Making More from Sheep Australian Wool Innovation Limited Meat & Livestock Australia
MODULE 12: Efficient Pastoral Production
Tool 12.15
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There are a number of ways of assessing grazing pressure. It is important to factor in the additional DSE’s that other species are contributing to your total grazing pressure, so that you are aware of the impact of other grazing species on your country, and avoid any shortfalls that might come about from your calculations.

Tactical Grazing Management (NSW Agriculture, 2000) bases part of this estimate on the different dung that allows different species to be identified. The manual provides a method for estimating the relative grazing pressure of sheep and kangaroos. Based on the comparative levels of dung, an estimate of the kangaroo population (average number for the previous two months) can be obtained if the number of sheep in the paddock is also known. A ‘step – point transect’ process is used to assist in this process.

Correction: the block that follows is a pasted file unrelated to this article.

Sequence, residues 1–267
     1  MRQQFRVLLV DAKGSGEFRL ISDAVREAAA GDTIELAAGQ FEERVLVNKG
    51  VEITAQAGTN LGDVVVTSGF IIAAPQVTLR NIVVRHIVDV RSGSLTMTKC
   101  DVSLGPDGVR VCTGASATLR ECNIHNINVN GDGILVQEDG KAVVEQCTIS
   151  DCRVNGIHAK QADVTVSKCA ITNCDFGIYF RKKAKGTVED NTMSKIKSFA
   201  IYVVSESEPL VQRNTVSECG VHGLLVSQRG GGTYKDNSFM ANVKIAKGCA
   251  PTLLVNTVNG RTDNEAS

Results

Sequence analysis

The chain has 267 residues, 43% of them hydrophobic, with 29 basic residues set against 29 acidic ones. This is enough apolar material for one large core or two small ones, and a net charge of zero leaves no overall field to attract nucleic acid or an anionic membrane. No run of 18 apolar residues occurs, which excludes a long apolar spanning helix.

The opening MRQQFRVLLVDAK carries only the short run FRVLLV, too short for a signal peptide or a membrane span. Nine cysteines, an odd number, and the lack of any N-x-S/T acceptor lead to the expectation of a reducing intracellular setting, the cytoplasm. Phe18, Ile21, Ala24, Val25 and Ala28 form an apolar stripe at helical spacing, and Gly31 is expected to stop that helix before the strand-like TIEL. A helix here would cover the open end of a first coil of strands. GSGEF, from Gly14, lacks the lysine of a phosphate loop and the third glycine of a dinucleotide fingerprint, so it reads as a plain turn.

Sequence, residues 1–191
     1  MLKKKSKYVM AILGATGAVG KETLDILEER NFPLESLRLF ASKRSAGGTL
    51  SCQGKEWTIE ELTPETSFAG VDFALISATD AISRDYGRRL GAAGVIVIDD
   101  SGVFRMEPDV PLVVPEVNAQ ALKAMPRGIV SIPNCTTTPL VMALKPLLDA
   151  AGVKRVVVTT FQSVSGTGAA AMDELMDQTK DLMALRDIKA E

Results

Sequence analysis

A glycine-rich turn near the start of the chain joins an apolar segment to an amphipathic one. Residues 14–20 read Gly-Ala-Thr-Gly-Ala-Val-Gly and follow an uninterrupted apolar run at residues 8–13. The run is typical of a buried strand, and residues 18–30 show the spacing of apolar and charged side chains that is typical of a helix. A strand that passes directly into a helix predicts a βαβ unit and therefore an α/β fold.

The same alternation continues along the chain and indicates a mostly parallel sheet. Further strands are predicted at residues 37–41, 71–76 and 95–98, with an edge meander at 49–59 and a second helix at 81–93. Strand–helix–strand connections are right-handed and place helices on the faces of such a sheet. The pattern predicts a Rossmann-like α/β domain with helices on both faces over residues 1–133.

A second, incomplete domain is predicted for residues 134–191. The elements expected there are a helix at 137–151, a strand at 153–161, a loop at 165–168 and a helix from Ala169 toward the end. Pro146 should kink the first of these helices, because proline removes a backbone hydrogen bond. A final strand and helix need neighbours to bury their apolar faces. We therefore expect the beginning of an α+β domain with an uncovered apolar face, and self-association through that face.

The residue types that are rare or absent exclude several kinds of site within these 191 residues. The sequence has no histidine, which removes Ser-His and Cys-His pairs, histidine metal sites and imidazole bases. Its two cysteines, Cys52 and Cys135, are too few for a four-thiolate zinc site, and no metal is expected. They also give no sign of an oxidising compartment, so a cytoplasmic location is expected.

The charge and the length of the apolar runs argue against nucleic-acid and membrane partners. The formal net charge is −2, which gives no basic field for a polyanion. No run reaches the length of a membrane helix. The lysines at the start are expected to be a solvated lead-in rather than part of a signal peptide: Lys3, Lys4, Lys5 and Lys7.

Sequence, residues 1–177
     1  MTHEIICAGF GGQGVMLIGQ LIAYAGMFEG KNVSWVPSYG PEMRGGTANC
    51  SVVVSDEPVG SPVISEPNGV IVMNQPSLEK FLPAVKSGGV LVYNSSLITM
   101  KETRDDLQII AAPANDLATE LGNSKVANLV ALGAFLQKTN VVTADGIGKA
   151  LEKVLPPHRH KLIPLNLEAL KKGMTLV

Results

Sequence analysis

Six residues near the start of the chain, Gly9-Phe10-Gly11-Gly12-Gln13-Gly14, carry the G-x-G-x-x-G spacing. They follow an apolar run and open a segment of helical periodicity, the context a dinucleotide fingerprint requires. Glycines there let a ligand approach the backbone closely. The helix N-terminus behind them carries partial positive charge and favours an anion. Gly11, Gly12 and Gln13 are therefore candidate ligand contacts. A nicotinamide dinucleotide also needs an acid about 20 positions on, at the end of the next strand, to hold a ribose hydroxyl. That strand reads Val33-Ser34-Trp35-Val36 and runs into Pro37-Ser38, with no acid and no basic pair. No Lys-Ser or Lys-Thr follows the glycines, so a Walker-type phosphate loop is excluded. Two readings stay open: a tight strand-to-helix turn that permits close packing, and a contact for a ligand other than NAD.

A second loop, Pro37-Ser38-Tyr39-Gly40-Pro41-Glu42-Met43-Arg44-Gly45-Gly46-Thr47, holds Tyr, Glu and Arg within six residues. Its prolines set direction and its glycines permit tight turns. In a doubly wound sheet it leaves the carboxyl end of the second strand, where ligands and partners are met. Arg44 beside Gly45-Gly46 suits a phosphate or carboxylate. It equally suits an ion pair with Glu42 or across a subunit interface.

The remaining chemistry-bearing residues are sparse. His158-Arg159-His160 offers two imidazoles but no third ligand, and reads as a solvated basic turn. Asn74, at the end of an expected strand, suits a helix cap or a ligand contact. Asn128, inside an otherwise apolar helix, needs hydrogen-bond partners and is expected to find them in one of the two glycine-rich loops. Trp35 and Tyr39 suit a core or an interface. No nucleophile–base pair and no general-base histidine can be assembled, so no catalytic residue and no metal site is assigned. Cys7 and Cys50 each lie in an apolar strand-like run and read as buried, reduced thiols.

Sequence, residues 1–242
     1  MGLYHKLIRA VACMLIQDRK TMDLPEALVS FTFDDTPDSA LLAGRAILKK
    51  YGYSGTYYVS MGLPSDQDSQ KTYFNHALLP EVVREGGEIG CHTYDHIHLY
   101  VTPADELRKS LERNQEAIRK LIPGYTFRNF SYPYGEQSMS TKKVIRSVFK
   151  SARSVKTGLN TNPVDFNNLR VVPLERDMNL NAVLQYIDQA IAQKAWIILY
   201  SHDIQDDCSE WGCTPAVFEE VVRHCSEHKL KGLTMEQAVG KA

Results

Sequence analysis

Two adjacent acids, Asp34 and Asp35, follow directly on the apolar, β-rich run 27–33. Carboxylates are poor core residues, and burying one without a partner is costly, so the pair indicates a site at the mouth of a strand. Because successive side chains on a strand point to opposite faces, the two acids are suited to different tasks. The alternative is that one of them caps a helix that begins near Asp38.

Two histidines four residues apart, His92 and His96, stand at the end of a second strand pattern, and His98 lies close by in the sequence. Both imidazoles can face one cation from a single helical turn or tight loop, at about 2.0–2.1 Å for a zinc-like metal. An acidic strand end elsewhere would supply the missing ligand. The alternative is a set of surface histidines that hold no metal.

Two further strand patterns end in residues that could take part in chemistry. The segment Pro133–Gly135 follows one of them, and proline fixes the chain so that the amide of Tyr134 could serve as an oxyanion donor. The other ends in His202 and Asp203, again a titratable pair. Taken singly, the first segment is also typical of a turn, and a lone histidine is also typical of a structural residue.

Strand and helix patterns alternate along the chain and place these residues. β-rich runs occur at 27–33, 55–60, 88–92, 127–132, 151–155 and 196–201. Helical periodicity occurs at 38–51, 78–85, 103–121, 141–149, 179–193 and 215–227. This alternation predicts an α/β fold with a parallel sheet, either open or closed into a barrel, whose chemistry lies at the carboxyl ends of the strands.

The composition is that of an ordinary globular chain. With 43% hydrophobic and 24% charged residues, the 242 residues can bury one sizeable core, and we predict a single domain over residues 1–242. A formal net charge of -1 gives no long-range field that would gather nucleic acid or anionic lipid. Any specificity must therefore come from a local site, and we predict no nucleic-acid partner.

Total grazing pressure is determined by attributing a DSE rating to the different species:

  • Kangaroo = Has generally been estimated as 0.6 - 0.7 DSE, however recent research (Dawson and Munn, 2016) suggests that in arid rangeland areas, competition is not normally an issue in good seasons and that 0.4 DSE appears to be a better estimate in poor seasons.
  • Goat = 1 DSE
  • Rabbit = 0.1 DSE

Tactical Grazing Management also provides the option of assessing:

  • Rabbit numbers based on the density of rabbit warrens and the average number of open/active entrances:
    • Rabbit number = Number of warrens per paddock x average number of open or active entrances per warren x 2.4 (rabbits per open entrances).
  • Feral goats numbers based on sightings:
    • Number of goats compared to number of sheep noted during paddock inspections allows a proportional estimate of goats.

Grazing pressure can also be determined by conducting:

  • Spotlight survey at night for kangaroos, goats and rabbits
  • Aerial survey for kangaroos.

Once the numbers of these animals are determined and the additional grazing pressure is determined, then decision can be made as to whether a control program is required to reduce this additional grazing pressure to a sustainable level. This can be achieved by:

  • Rabbit control: baiting, fumigation and warren destruction
  • Goat control: mustering, water-point trap yards, shooting programs
  • Kangaroo control: obtain a permit for control by a licensed shooter, with meat ideally being used for pet food or human consumption.

Lookup: Glovebox Guide to Tactical Grazing Management, NSW DPI.